I have been slammed with work lately, making it especially difficult to tear myself away from the computer in the morning after I’ve already sat down and started writing to get out and run.
That was the story on Monday morning, anyway. By the time I’d have been able to stuff my feet into sneakers and head out the door, I would only have snuck in about 3 miles. It’s not that 3 miles is nothing; it’s that ever since Sunday’s personal 10k (my longest run since the Philadelphia Rock ‘n’ Roll Half Marathon and my injury), I simply want more, more, more!
Without too much thought, I decided to pack up my backpack and save my run for the evening — even if it would be dark outside by the time I got out of work.
The decision to test out my new Saucony Triumph 10’s was a no brainer on Monday evening. For one, I didn’t feel like shoving my dirty Brooks Ghosts into my backpack with my clean running clothes and midday apple; the Sauconys, on the other hand, were brand spankin’, crispy white, hadn’t-kissed-pavement-yet new.
And then there was the distance factor. When I run after work, it’s typically no longer than 4 miles or so — the perfect distance when testing out new sneakers if you want to break ’em in while at the same time avoiding blisters.
It’s funny, because if you had asked me to test out a new style — let alone a new brand — of running sneakers a mere five months ago, I’d have laughed in your face and called you crazy. Me? I’m a creature of habit; not some insane sneaker tester with insensitive feet. I could get injured fergodsake!
Of course, it actually took a running injury — mysteriously achey shins, to be exact — to burst my monotonous tendencies. After dealing with leg pain, and being unsure of how to fix it, I finally went to Manhattan’s beloved running hub, Jack Rabbit Sports, to be re-fitted for sneakers for the first time in six years, or since I initially started running.
Since trading in my Asics Kayanos (a stability shoe) for a pair of Brooks Ghosts (not quite neutral, but certainly not an aggressive stability shoe like my last ones), I’ve become increasingly curious about the impact that certain kinds of gear — from headbands to socks to sneakers and more — can have on the quality of one’s runs. For me, I’ve noticed a tremendous difference in a relatively short period of time, and getting the chance to test out another pair of sneakers — a neutral shoe at that — was an opportunity I just couldn’t pass up.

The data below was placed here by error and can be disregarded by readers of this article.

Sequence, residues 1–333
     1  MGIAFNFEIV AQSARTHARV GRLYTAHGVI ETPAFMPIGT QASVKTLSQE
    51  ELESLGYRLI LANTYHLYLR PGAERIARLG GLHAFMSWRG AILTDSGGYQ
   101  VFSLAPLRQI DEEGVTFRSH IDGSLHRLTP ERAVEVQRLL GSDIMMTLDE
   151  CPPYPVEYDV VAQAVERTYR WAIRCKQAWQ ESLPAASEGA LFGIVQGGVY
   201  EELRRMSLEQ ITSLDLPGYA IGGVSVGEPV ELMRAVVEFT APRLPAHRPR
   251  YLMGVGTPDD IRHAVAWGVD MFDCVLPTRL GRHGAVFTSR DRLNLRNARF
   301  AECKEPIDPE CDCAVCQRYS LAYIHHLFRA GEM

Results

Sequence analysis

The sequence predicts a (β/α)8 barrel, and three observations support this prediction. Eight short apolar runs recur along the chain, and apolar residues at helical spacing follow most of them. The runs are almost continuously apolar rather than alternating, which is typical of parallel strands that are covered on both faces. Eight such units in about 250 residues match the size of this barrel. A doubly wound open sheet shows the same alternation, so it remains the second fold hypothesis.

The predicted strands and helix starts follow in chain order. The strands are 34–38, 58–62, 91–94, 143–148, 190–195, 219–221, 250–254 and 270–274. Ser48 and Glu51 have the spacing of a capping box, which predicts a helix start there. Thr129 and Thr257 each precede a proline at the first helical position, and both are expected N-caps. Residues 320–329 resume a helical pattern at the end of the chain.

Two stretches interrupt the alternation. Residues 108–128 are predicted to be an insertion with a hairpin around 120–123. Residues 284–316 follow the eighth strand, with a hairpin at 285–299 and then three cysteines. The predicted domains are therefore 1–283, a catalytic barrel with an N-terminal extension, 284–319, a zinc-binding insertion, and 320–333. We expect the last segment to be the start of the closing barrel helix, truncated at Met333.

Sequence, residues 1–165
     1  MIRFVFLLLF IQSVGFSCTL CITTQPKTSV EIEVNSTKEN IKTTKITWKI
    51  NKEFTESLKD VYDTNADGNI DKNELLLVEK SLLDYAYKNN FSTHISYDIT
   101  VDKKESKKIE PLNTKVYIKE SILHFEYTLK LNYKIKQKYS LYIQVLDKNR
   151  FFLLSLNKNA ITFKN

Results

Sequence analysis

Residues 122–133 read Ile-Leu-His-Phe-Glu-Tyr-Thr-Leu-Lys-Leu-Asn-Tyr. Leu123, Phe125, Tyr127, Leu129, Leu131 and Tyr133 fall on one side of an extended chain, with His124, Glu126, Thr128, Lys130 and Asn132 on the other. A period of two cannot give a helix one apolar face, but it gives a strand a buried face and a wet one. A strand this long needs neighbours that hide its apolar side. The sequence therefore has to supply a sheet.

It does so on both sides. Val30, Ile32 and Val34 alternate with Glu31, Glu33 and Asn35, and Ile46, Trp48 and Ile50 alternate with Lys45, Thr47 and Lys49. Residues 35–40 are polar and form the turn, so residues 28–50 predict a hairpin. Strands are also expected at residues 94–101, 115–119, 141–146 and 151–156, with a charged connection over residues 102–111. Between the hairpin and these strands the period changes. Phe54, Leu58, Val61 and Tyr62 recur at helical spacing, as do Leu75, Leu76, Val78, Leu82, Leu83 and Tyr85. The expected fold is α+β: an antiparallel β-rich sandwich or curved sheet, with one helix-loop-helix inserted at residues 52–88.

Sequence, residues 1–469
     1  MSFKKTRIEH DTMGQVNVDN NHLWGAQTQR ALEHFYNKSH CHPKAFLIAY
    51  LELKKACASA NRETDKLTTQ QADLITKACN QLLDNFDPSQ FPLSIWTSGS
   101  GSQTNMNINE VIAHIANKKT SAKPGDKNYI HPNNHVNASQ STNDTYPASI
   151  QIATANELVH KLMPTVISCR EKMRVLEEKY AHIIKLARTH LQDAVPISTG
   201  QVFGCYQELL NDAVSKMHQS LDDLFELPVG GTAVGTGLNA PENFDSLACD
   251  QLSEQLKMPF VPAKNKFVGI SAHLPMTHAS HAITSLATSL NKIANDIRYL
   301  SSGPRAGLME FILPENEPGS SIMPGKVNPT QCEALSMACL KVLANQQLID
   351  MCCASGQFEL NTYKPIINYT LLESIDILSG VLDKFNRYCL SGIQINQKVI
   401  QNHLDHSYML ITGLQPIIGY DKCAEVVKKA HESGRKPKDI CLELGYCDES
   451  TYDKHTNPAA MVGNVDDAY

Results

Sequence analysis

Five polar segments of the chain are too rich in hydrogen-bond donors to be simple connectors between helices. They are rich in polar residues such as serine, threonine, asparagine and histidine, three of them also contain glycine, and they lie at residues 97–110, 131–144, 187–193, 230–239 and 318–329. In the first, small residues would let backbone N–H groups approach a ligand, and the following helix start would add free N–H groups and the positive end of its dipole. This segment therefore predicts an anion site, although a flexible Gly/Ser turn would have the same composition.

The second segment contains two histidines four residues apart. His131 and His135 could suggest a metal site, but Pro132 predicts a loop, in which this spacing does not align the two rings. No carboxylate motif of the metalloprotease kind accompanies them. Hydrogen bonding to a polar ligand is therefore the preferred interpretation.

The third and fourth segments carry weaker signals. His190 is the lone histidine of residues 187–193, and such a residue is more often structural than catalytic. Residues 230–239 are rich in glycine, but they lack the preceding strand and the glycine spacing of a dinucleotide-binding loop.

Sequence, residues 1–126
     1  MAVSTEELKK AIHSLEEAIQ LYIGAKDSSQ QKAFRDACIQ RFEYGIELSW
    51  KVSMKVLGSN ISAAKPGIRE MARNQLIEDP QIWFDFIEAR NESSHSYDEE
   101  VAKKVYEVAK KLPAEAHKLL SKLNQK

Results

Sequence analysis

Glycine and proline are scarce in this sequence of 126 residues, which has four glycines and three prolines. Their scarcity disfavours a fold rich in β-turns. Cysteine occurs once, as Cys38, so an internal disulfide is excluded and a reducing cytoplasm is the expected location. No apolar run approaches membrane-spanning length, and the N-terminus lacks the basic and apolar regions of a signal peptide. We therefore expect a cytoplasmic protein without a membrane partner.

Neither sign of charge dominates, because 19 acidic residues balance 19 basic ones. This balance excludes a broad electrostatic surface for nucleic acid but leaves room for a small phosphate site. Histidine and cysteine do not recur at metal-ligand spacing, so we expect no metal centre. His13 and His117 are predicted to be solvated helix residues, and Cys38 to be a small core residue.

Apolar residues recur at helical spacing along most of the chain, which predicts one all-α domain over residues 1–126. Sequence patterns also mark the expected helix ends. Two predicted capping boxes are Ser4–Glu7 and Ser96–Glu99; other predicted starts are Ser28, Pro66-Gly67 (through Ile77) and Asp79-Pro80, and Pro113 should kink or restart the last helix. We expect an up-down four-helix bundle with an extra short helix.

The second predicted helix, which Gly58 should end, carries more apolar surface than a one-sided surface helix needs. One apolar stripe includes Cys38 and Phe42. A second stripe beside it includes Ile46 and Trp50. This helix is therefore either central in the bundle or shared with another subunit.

The Saucony Triumph 10’s don’t look all that different than my Ghosts.
From the moment I put them on, I have to admit that my feet felt right at home — a sensation I wasn’t expecting given my picky personality and generally skeptical outlook on most things in life.
The Triumph 10’s are light — much lighter than my Ghosts.
They were cushiony — much cushionier than my Ghosts (and appropriately so; Saucony copywriters have, after all, described Triumphs as “possibly the most plush ride ever”). Point taken.
And to top it all off, the neutral arch and support system was obvious — a factor that I thought would bother me, but I actually got used to quite quickly. Maybe it was the fact that I had nutrients in me before heading out there, or maybe it was the flawless city air, but on Monday night, in the new Triumph 10’s, I actually felt as though I were running on air.
Noah came with me on Monday night. We ran along the Hudson, giving us time to catch up on the day and our weekends (he was in Michigan…
…I stayed in New York to pick pumpkins).
We maintained a decent, swift pace from start to finish. The west side was calm, the streets were alive, and above all, the temperature was unseasonably warm. I know I’m supposed to be weary of global warming, but as an outdoor runner living in New York City, I was having a hard time hating one of the biggest travesties to afflict Mother Earth on such a deliciously mild fall evening.
By the time I got back to my apartment and kicked off my new sneakers, I was already excited to put them back on and go for my next run.
(Put me in coach!)
Perhaps this is something I can toy with — the idea of change, or whatever. Because after so many years of ignoring what my body was telling me because I was afraid of change, all of a sudden, I’ve begun to embrace the fact that we runners have options. Just as I may choose to run at night here and there instead of the morning, or the Hudson River instead of Central Park, there are myriad other elements that I can — and should — welcome with both apprehension and wide open arms. I guess you have to start somewhere.
- Do you run in the same sneakers all the time, or do you switch off?
- Have you ever worn Sauconys before? What do you think?
- Neutral or stability? What are the main differences you see?